With all-you-can-eat buffets in the dining halls and sometimes a
lack of time for regular exercise, some incoming students may
struggle with the tradition of the freshmen 15.
“Obesity is a problem nationwide and at this campus,” said Tamar
Cline, strength and fitness coordinator at the Student Recreation
Cline said the key to success in college is balance.
Cline blames a lifestyle change for the weight some students
gain upon starting college.
Cline said students who are concerned about the freshmen 15
should come to the Student Recreation Center to take advantage of
the many classes and services it provides, such as group fitness
classes and nutrition seminars.
“(The recreation center) is the best place to take advantage of
and get information,” said Cline.
While lack of exercise can sometimes be blamed for weight gain,
some students accuse the residence hall food.
“Its hard to eat healthy in the dorms,” said J.J. Prentiss, a
construction management freshman.
Prentiss said the food options offered through the residence
halls are not different from those at his home, but said the danger
in gaining weigh lies in the fact that there is so much food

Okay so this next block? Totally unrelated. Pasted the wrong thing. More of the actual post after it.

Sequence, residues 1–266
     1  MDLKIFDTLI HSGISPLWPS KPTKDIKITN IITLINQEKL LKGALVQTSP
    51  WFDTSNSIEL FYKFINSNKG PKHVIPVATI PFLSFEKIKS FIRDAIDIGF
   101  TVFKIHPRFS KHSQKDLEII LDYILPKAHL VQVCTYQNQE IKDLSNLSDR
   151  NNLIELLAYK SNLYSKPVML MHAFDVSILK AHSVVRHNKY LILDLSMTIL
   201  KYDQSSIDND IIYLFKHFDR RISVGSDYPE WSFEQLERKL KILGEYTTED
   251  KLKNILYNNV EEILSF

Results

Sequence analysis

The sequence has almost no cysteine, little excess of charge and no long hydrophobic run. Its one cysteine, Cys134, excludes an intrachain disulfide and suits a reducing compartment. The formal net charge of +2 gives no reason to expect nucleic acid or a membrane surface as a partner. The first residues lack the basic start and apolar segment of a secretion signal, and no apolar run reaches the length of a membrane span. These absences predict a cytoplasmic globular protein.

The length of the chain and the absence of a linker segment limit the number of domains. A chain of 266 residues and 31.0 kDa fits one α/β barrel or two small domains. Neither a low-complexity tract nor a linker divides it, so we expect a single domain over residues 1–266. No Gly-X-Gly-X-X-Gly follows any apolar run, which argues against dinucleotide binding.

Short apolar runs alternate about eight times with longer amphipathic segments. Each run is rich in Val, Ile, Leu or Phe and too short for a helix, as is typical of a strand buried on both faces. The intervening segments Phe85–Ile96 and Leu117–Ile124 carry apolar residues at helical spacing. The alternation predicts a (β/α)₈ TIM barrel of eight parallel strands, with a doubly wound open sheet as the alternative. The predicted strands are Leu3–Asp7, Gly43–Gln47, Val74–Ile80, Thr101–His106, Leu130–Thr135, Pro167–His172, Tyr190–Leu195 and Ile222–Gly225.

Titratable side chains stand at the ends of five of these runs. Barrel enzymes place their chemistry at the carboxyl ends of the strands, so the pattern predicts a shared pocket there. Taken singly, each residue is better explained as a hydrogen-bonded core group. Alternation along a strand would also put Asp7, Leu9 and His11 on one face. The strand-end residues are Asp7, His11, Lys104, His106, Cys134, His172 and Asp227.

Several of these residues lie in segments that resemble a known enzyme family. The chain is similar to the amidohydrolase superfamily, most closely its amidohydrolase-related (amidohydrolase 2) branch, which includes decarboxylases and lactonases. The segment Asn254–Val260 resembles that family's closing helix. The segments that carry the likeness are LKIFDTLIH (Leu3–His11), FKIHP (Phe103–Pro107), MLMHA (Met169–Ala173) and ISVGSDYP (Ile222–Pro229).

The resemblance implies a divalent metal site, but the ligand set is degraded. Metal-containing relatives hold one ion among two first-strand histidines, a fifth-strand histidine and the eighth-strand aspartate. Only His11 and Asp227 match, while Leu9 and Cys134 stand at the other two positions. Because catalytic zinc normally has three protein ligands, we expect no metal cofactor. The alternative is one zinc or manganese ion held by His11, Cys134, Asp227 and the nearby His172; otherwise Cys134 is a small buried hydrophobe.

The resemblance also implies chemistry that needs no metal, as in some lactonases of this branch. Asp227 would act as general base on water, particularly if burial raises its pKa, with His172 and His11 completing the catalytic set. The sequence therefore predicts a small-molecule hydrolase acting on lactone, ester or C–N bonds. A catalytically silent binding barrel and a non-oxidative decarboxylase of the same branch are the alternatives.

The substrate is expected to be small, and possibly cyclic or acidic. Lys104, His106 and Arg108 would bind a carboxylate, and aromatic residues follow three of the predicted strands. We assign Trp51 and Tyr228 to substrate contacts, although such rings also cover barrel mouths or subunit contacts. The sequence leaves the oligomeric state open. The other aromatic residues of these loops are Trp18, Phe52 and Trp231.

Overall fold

Prentiss said he tries to live healthy by staying away from
greasy food and soda and exercising every day.
“People who are going to get the freshmen 15 are the ones who
don’t have willpower,” Prentiss said.
New college students may have weight problems if they do not
know how to eat healthy, choose unhealthy snack and drink options
and do not make an effort to engage in regular physical activity,
according to Marcie Wlodarczak, a dietician at Hartshorn Health
“The main thing is you have kids who have never thought about
what they eat,” said Wlodarczak.
Though the freshmen 15 is associated with college, Wlodarzak
said bad eating habits can last a lifetime and can put students at
risk for diseases later in life.
She said another danger students face is the popularity of
unhealthy fad diets.
“They want an easy way out, but being healthy is not about being
easy,” Wlodarzak said.
Wlodarzak said the most common fad students try is the low
carbohydrate diet, which is not balanced and provides only
Hartshorn offers a nutrition service called Weight Loss 101 and
is available to teach students how to eat healthy.
The service helps students who need to lose weight or are
concerned about gaining weight in the future.
Wlodarzak said the service is individualized so that every
student’s recommended diet is based off his or her level of regular
physical activity and personal situation.
“Its easier to prevent weight gain than lose weight,” Wlodarzak
Janet Utschig, a freshman psychology and equine student, said
she finds it challenging to maintain the healthy lifestyle that she
had while she was living at home.
Due to her father’s heart condition, Utchig said her family’s
diet consisted of very little fat.
“I eat a lot more normal than they do,” Utchig said.